Homeless Veterans appeal: Christmas charity auction Part 2 - now LIVE

    Homeless Veterans appeal: Christmas charity auction

    Bid on original art, or trips of a lifetime to Africa or the 'Corrie' set, and help Homeless Veterans
    Pantomime rings the changes to welcome autistic theatre-goers

    Autism-friendly theatre

    Pantomime leads the pack in quest to welcome all
    The week Hollywood got scared and had to grow up a bit

    The week Hollywood got scared and had to grow up a bit

    Sony suffered a chorus of disapproval after it withdrew 'The Interview', but it's not too late for it to take a stand, says Joan Smith
    From Widow Twankey to Mother Goose, how do the men who play panto dames get themselves ready for the performance of a lifetime?

    Panto dames: before and after

    From Widow Twankey to Mother Goose, how do the men who play panto dames get themselves ready for the performance of a lifetime?
    Thirties murder mystery novel is surprise runaway Christmas hit

    Thirties murder mystery novel is surprise runaway Christmas hit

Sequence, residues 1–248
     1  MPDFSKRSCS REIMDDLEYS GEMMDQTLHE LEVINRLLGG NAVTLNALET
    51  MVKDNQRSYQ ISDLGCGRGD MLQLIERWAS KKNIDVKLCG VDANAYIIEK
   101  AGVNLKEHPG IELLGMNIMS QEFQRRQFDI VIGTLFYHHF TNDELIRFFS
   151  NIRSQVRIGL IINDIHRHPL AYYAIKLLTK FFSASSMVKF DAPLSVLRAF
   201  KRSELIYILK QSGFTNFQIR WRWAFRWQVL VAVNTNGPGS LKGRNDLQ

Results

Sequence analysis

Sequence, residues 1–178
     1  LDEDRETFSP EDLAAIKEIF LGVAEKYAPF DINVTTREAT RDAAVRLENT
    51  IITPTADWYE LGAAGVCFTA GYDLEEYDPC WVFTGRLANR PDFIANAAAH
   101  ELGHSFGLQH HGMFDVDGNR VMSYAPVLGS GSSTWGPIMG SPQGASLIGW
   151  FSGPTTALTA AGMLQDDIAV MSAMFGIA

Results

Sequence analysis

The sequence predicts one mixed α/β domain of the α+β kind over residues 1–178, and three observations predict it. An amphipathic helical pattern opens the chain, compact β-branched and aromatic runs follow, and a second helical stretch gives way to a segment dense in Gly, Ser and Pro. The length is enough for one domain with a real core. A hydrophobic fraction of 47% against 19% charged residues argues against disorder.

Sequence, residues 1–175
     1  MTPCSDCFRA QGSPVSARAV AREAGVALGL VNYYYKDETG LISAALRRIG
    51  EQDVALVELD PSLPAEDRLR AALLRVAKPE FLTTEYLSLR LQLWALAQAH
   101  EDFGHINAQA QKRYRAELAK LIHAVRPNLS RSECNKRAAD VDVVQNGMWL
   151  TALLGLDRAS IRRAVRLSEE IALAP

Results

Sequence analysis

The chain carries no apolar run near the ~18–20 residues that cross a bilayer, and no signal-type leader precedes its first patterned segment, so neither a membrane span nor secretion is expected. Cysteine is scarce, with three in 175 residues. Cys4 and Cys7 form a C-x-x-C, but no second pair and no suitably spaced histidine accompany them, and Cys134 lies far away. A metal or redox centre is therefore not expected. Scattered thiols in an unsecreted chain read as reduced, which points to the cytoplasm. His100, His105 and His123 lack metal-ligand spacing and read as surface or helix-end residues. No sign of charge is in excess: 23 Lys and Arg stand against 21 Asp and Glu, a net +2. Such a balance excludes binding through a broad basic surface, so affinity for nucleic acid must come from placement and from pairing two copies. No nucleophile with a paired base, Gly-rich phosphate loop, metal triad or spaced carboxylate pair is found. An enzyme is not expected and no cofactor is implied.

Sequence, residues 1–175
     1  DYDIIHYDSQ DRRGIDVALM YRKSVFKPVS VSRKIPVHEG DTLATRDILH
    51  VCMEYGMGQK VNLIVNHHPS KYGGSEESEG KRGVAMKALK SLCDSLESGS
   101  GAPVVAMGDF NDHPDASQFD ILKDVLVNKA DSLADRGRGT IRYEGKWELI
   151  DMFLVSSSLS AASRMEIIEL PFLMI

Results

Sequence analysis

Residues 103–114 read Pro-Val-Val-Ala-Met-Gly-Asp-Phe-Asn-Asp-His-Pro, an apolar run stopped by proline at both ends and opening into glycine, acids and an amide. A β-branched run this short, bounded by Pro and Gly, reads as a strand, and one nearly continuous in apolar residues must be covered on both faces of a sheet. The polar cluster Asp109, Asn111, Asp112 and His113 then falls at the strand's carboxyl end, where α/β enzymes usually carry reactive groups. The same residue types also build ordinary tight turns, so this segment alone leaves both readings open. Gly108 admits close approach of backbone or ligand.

Booksellers say readers are turning away from dark modern thrillers and back to the golden age of crime writing
    Anne-Marie Huby: 'Charities deserve the best,' says founder of JustGiving

    Anne-Marie Huby: 'Charities deserve the best'

    Ten million of us have used the JustGiving website to donate to good causes. Its co-founder says that being dynamic is as important as being kind
    The botanist who hunts for giant trees at Kew Gardens

    The man who hunts giants

    A Kew Gardens botanist has found 25 new large tree species - and he's sure there are more out there
    The 12 ways of Christmas: Spare a thought for those who will be working to keep others safe during the festive season

    The 12 ways of Christmas

    We speak to a dozen people who will be working to keep others safe, happy and healthy over the holidays
    Birdwatching men have a lot in common with their feathered friends, new study shows

    The male exhibits strange behaviour

    A new study shows that birdwatching men have a lot in common with their feathered friends...
    Diaries of Evelyn Waugh, Virginia Woolf and Noël Coward reveal how they coped with the December blues

    Famous diaries: Christmas week in history

    Noël Coward parties into the night, Alan Clark bemoans the cost of servants, Evelyn Waugh ponders his drinking…
    From noble to narky, the fall of the open letter

    From noble to narky, the fall of the open letter

    The great tradition of St Paul and Zola reached its nadir with a hungry worker's rant to Russell Brand, says DJ Taylor
    A Christmas ghost story by Alison Moore: A prodigal daughter has a breakthrough

    A Christmas ghost story by Alison Moore

    The story was published earlier this month in 'Poor Souls' Light: Seven Curious Tales'